(Reuters) - The board of News Corp knew more than 10 years ago that the company's U.S. subsidiaries were illegally hacking competitors' computers, according to a revised lawsuit filed by shareholders on Tuesday.
The board of directors failed to properly oversee the company's chairman and founder, Rupert Murdoch, according to a copy of the amended complaint provided by lawyers for the plaintiffs.
"The Board has not lifted a finger to engage in any oversight of Murdoch's rule, even when it was provided with clear and unmistakable warnings that News Corp's business practices were not only unethical, but also illegal," said the complaint, filed in Delaware Chancery Court.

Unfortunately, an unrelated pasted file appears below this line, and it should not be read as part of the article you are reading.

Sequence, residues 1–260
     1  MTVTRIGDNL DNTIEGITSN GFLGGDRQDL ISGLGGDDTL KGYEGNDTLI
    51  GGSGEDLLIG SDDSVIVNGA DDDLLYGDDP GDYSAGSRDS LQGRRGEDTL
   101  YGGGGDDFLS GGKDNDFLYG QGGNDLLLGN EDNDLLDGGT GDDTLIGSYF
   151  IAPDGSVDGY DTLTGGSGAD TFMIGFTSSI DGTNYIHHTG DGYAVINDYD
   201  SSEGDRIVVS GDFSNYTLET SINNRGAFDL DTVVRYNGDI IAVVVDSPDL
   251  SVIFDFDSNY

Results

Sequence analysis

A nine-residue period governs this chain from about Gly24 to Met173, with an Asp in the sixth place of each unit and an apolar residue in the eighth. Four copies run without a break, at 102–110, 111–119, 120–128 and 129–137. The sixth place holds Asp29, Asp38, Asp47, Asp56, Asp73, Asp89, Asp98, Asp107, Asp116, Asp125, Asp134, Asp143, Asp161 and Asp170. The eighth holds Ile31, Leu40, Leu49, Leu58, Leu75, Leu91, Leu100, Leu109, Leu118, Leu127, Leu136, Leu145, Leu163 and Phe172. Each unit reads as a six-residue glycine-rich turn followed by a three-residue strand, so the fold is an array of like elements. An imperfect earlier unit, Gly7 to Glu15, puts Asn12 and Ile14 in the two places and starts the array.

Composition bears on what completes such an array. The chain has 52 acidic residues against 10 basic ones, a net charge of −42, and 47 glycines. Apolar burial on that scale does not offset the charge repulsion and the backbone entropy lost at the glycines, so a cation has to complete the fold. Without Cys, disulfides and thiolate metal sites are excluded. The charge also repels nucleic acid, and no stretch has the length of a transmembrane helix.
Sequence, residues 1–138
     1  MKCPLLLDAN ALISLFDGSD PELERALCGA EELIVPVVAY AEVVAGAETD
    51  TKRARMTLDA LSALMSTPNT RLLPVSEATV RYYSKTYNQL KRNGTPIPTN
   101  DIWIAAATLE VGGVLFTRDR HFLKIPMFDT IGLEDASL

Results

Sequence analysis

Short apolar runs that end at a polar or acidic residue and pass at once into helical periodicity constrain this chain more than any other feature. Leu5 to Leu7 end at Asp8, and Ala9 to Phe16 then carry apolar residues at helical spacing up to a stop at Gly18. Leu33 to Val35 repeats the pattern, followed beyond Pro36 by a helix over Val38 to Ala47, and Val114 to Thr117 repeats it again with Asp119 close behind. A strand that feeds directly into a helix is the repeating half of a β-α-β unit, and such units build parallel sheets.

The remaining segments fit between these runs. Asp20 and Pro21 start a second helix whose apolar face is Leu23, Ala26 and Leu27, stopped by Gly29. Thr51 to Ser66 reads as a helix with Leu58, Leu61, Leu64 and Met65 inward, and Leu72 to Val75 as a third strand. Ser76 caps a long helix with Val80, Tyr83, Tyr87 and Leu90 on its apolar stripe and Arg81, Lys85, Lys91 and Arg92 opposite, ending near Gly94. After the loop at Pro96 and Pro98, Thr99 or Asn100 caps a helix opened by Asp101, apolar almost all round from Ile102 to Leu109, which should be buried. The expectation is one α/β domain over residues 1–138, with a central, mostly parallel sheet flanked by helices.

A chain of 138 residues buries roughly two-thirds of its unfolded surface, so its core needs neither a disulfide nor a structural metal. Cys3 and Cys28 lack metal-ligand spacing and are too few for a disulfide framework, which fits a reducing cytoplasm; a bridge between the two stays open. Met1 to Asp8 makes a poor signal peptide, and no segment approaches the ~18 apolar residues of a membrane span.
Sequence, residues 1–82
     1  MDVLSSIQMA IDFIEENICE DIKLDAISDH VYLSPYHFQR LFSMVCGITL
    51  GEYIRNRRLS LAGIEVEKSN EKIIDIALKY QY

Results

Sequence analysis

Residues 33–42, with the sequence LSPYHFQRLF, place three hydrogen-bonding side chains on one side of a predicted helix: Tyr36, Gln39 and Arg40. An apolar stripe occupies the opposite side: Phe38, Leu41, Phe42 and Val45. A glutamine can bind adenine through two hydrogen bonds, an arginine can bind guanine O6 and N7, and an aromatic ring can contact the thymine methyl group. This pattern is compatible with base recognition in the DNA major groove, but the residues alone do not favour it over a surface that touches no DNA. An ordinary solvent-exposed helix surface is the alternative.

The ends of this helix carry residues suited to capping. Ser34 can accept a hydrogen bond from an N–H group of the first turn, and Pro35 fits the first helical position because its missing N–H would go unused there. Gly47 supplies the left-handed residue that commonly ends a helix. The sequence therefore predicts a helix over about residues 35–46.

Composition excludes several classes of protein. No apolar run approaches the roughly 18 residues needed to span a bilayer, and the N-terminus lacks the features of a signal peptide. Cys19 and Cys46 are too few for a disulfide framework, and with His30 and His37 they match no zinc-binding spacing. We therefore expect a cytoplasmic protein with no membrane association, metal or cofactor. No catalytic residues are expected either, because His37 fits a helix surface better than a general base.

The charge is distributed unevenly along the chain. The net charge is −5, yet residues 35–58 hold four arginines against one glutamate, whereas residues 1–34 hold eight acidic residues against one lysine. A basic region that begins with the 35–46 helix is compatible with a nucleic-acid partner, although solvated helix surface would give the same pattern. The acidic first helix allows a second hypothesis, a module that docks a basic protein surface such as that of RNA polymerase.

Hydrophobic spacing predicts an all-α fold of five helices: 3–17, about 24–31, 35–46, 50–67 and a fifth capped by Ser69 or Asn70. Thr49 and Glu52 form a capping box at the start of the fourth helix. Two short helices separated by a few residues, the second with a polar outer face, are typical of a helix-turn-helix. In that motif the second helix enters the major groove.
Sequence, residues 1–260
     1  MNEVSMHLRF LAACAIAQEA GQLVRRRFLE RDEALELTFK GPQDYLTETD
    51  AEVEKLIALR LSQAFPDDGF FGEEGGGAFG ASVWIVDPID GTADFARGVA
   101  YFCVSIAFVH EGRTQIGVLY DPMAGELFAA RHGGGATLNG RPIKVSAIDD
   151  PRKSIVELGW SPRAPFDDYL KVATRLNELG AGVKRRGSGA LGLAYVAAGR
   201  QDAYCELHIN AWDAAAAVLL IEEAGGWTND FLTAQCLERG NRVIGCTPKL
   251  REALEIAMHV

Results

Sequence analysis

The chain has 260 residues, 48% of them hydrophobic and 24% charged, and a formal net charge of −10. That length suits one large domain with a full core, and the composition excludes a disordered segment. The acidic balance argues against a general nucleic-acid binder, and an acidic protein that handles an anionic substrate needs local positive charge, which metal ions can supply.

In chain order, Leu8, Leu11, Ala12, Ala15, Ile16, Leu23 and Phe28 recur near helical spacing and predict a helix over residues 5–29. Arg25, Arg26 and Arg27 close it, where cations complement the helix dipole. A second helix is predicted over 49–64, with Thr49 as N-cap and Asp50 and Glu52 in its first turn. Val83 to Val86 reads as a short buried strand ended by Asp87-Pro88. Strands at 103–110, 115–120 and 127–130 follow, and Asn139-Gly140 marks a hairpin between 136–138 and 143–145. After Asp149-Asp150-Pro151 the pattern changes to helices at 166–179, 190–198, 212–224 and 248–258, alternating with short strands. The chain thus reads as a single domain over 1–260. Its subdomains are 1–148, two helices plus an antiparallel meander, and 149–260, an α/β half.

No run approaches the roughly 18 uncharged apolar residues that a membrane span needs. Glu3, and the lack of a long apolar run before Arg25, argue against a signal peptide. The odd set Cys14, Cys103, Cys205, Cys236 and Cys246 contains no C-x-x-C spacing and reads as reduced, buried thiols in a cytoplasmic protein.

News Corp has been engulfed by the scandal since July when it was revealed that a phone-hacking scandal extended beyond celebrities and politicians to murder victims, including schoolgirl Milly Dowler, and British war dead.
The scandal wiped billions of dollars off News Corp's market value, cost it two senior executives, forced it to drop a $12 billion bid for BSkyB and resulted in the shutdown of the 168-year-old News of the World tabloid.
(Reporting by Tom Hals; editing by John Wallace)